Bank Swap Deals Cost Philadelphia City, School District

Large financial institutions, including many that received financial bailouts in the wake of the financial crisis, are making hundreds of millions of dollars off interest rate swaps negotiated with the City and School District of Philadelphia.

That's the key finding in a new report the Pennsylvania Budget and Policy Center out today. We found that swap deals negotiated with banks such as Wells Fargo, Morgan Stanley and Goldman Sachs have cost the city and school district $331 million in net interest payments and cancellation fees. If interest rates continue to remain low, still-active swaps could cost the city another $240 million in future net interest payments.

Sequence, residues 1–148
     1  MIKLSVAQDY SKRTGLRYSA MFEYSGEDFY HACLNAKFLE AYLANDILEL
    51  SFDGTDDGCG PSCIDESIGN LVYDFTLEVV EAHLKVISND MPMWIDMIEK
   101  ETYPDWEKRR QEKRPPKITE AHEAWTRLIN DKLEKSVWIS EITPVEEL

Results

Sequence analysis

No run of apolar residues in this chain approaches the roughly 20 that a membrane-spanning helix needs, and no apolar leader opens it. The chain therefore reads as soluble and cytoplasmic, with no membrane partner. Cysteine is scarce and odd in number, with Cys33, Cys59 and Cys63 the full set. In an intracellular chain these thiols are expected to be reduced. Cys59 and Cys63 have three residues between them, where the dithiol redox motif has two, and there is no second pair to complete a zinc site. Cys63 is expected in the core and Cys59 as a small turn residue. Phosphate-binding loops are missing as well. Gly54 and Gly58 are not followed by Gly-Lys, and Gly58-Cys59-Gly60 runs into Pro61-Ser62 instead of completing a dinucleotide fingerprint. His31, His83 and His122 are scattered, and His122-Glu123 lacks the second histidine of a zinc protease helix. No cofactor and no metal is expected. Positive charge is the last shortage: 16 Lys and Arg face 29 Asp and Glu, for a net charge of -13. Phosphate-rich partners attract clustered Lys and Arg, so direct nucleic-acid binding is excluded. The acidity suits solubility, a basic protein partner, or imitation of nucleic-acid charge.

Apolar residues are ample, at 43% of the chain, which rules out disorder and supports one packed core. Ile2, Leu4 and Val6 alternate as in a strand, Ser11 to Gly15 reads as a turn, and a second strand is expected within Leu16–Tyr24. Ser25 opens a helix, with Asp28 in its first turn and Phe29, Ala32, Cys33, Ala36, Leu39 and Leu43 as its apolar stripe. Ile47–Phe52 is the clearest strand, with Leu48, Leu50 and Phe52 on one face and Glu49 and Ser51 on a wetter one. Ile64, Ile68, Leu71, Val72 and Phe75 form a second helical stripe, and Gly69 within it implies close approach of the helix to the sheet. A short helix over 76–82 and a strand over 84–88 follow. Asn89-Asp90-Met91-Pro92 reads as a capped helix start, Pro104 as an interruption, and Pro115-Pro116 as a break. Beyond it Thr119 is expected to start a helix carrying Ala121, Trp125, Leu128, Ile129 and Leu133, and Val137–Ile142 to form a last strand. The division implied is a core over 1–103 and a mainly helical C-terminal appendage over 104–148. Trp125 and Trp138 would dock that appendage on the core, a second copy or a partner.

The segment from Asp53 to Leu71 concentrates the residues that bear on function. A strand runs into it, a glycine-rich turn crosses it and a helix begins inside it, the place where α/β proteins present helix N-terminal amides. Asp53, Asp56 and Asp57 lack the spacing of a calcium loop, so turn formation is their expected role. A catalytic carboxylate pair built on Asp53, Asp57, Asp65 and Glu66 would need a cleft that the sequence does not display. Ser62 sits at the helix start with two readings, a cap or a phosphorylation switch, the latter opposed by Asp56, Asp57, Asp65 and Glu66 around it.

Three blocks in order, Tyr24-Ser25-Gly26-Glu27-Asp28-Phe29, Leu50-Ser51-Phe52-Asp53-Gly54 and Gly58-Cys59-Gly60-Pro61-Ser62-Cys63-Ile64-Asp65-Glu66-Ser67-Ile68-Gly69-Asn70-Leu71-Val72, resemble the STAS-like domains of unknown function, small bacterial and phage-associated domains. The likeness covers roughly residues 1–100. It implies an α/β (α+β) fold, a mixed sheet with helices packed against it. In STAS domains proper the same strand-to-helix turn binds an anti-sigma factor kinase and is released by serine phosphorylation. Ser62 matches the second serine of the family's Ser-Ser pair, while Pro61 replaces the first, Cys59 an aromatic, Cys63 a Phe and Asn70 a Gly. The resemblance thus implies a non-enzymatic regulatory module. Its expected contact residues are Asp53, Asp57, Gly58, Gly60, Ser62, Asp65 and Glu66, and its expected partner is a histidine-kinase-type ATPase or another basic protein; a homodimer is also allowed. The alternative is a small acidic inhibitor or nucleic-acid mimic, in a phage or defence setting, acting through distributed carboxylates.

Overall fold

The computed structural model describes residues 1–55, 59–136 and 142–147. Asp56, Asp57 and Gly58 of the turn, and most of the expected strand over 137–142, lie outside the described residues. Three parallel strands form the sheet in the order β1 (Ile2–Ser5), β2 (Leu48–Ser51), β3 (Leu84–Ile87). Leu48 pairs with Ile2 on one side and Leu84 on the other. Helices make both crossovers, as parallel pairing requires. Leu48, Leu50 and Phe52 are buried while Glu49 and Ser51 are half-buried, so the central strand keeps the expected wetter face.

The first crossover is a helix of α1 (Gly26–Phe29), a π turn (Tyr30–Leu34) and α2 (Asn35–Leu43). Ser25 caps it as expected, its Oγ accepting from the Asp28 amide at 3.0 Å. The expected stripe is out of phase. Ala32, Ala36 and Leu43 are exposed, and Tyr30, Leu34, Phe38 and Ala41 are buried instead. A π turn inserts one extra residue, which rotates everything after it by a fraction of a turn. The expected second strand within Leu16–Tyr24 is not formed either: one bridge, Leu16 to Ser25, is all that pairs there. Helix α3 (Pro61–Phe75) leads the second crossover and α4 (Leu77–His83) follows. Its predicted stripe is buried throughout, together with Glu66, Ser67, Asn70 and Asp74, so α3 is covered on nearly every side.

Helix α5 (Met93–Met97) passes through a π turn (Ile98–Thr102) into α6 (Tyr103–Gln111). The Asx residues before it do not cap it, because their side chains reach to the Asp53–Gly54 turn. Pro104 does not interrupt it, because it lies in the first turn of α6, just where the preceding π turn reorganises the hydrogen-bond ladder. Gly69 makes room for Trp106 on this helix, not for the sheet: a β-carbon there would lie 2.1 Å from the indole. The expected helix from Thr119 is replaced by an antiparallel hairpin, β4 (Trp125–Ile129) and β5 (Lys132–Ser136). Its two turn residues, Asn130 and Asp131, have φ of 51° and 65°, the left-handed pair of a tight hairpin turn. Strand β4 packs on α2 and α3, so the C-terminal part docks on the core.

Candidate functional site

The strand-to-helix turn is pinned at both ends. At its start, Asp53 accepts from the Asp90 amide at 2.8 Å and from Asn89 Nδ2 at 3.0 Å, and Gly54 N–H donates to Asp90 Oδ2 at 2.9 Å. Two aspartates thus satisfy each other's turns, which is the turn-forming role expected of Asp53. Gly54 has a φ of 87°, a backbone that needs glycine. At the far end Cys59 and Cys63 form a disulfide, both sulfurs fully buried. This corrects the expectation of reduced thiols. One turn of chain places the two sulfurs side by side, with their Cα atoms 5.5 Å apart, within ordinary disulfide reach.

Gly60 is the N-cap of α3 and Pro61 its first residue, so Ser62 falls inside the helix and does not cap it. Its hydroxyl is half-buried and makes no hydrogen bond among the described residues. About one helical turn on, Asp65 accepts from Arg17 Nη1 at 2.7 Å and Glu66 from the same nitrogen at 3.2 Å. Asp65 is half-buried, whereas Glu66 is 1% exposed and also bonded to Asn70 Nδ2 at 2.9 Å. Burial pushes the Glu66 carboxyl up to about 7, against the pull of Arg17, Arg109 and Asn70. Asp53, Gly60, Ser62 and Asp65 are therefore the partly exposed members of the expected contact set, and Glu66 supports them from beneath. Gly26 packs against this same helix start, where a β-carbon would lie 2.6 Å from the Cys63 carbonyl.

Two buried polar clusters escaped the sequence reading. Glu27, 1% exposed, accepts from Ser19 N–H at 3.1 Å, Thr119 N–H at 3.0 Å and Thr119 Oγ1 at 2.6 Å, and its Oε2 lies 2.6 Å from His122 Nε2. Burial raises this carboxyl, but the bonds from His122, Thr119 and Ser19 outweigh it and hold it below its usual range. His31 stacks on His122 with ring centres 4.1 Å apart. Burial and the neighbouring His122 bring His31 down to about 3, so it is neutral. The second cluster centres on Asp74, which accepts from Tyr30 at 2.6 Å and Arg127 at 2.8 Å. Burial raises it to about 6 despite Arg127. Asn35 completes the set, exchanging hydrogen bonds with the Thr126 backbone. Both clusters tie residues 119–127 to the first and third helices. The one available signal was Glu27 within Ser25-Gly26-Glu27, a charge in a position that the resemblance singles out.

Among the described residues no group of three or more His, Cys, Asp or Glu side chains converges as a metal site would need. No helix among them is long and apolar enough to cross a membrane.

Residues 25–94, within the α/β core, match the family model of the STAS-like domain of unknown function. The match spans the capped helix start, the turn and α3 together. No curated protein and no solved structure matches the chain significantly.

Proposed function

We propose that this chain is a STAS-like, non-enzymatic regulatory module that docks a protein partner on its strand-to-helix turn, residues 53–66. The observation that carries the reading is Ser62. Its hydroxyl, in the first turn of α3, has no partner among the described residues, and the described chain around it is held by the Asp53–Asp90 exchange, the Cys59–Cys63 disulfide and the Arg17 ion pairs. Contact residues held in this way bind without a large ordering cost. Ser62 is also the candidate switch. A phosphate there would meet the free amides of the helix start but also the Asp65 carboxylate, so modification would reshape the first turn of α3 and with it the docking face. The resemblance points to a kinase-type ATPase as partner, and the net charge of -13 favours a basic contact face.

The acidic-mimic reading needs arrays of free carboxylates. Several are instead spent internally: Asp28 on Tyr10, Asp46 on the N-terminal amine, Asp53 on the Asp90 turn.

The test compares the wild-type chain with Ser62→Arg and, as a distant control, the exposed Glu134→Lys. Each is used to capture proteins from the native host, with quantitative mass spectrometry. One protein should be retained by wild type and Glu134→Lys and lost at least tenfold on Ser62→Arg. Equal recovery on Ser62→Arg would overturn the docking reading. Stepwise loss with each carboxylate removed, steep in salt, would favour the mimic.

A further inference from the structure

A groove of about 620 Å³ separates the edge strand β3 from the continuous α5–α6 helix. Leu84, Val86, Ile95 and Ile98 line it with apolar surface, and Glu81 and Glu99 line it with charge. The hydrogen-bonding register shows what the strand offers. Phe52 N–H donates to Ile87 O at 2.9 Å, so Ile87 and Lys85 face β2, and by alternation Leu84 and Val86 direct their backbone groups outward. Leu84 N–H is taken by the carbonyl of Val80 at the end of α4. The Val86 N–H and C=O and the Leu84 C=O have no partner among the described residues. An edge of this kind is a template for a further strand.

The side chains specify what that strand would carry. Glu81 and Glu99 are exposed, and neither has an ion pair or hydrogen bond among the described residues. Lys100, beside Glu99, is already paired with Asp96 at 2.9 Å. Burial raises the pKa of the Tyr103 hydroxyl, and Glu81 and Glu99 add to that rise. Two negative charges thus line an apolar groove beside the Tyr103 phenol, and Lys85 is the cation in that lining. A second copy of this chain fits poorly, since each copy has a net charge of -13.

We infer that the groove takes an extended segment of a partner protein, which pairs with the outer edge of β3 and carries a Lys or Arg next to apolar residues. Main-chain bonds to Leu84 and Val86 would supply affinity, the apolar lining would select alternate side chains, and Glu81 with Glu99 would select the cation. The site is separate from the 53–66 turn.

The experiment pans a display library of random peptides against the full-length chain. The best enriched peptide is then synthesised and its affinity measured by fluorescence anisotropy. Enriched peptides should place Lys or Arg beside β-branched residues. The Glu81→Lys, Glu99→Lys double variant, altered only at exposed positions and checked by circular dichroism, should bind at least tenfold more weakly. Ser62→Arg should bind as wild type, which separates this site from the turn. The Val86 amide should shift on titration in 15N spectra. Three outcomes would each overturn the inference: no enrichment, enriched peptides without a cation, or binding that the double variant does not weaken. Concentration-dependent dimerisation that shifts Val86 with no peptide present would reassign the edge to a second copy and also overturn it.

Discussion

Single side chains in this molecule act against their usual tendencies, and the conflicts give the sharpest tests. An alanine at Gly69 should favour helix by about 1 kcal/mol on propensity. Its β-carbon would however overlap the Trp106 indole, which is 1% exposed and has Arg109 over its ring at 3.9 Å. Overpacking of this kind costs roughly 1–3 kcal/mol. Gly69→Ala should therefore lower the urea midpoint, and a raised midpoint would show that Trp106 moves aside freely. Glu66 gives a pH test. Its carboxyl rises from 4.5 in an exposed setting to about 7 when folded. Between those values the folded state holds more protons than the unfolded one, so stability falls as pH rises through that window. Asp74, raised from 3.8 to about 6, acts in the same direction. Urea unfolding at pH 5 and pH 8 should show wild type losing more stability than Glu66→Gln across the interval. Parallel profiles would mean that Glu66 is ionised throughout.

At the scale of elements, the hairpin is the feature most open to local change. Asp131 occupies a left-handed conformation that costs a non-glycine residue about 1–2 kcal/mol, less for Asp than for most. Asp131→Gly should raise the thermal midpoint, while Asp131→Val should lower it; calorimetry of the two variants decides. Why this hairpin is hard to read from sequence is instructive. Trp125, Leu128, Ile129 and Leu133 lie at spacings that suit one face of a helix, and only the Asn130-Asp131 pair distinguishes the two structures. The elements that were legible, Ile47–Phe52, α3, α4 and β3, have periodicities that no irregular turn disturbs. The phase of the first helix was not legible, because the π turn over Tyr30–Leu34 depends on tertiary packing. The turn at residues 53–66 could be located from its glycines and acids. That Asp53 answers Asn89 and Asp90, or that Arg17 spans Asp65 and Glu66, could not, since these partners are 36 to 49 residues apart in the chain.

WHYY's NewsWorks was there and has posted this brief video clip.

Our report recommends that banks refund a portion of the cancellation fees they received for terminating bad deals and renegotiate those deals which are currently active.

Financial institutions have returned to profitability after the financial crisis, yet some Philadelphia schools cannot afford to keep nurses on staff. Now the banks have an opportunity to step up and help prevent more damaging cuts to schools and public safety, just as taxpayers helped the banks avoid total collapse just a few years ago.

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